Megan Oka is an assistant professor in the Marriage and Family Therapy Program. She began teaching at Utah State in 2013, and her teaching and research topics include addiction, intimate partner violence, therapy processes, diversity in family therapy, and play therapy.
- PhD in Marriage and Family Therapy, Texas Tech University, 2010
- MS in Marriage and Family Therapy, Brigham Young University, 2007
- BS in Marriage, Family, and Human Development, Brigham Young University, 2004
My research interests are in factors related to intimate partner violence, such as safety, attachment, power, and distortion. Additionally, I am also interested in factors related to clinical success in couple and family therapy.
MFT COR Project: This a multi-site project collecting self-report, observational, and physiological data of couple and family therapy clients at four university clinics (Utah State, the University of Connecticut, Auburn University, Brigham Young University) and one community clinic. Self-report measures include variables such as family functioning, attachment, partner violence, parenting, child outcomes, anxiety, depression, and many others.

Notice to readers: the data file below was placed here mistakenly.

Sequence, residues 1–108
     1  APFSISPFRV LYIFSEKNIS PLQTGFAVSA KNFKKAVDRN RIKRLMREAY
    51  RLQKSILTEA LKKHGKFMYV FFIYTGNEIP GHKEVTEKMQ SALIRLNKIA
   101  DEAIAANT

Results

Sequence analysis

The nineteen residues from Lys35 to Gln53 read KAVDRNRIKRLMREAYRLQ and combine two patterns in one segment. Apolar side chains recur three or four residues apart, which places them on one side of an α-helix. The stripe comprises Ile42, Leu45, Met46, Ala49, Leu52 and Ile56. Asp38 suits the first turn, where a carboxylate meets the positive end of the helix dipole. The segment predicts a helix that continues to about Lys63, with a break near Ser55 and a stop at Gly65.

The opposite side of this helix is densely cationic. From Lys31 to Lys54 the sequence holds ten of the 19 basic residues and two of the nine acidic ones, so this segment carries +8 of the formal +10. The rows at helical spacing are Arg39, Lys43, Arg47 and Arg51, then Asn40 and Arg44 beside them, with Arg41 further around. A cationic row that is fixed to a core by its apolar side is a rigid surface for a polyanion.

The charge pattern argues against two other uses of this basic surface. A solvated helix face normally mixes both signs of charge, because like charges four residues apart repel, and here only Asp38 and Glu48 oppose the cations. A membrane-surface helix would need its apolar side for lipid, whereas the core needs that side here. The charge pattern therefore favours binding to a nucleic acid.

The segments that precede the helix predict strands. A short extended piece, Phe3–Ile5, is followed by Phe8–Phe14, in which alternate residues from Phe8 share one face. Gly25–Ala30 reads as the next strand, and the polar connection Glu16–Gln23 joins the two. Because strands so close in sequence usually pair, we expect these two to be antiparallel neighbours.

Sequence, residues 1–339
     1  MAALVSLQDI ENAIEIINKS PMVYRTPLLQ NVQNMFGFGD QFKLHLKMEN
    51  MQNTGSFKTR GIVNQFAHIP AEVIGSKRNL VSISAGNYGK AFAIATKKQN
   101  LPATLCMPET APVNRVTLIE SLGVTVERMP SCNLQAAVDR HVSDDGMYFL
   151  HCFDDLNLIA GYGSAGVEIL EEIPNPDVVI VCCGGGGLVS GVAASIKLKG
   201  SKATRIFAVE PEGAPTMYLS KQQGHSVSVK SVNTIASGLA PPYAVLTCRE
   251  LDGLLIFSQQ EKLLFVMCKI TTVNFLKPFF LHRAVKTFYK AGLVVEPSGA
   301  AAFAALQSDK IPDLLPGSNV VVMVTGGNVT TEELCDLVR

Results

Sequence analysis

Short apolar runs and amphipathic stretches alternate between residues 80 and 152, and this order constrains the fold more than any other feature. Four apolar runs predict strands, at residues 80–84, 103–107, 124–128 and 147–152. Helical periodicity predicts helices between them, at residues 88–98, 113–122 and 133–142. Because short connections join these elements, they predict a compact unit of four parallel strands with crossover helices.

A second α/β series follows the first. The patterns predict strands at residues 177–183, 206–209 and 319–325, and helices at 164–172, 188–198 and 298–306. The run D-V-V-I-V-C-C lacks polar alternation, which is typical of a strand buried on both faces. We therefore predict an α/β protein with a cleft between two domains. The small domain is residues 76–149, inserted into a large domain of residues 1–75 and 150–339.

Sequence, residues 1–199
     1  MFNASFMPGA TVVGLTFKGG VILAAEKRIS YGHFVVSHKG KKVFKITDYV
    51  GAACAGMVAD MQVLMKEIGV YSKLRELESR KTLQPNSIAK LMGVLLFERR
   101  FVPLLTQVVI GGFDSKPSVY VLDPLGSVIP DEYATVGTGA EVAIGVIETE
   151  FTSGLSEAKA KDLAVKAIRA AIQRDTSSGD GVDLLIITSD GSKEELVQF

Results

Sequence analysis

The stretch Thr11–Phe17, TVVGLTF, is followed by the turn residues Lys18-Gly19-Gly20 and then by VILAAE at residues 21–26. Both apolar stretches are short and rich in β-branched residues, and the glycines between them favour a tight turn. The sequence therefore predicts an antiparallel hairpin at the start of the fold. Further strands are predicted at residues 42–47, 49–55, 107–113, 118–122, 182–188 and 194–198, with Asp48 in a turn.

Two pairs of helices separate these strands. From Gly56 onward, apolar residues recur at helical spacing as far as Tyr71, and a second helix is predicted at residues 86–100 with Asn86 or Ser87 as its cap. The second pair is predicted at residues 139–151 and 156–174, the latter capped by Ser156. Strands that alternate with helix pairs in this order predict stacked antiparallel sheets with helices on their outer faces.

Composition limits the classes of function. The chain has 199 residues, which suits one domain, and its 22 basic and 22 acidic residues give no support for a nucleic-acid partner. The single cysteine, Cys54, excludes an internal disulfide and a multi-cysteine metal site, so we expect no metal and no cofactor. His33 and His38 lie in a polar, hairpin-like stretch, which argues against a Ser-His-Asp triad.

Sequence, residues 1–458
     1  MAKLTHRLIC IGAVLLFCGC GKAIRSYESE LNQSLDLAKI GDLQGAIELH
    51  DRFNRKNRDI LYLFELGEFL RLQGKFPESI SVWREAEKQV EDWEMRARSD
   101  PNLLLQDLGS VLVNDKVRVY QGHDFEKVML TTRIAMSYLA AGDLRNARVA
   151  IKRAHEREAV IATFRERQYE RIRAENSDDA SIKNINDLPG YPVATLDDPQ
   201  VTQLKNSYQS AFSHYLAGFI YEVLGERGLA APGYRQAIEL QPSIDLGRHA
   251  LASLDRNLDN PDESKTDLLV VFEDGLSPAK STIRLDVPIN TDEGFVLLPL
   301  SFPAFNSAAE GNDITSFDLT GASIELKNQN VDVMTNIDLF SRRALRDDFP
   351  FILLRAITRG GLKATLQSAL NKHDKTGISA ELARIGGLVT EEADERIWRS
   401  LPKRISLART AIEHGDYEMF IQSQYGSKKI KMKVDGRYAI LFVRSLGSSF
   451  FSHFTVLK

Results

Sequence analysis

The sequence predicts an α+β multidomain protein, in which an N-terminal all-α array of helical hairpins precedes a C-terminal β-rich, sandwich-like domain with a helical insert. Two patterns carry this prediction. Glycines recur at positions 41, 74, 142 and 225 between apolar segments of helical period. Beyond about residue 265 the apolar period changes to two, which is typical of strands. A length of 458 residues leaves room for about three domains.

Daily Diary Study: This was a multi-site data collection project where clients in couple therapy received a survey every day for the first 28 days of their time in couple therapy. Clients were asked to report on things they tried from therapy, conflict, sleep, exercise, and several other outcomes to examine how being in therapy impacts these outcomes at the beginning of treatment.
Behavioral Coding Lab: We will be starting up a behavioral coding lab this fall. The first project will examine factors related to client dropout in couple and family therapy. These factors will include therapist/client gender, therapist interruptions of clients, and therapist talk time. Taped therapy sessions will be coded using observational software to facilitate data analysis.
Sibling Groups: This is a therapy group we run once a week for children who have siblings with special needs. We are collecting data on how these groups influence the children involved, as well as their families. We are looking particularly at sibling dynamics, parent-child dynamics, couple dynamics, and overall satisfaction with therapy and the program. We have graduate and undergraduate students working together to facilitate these groups.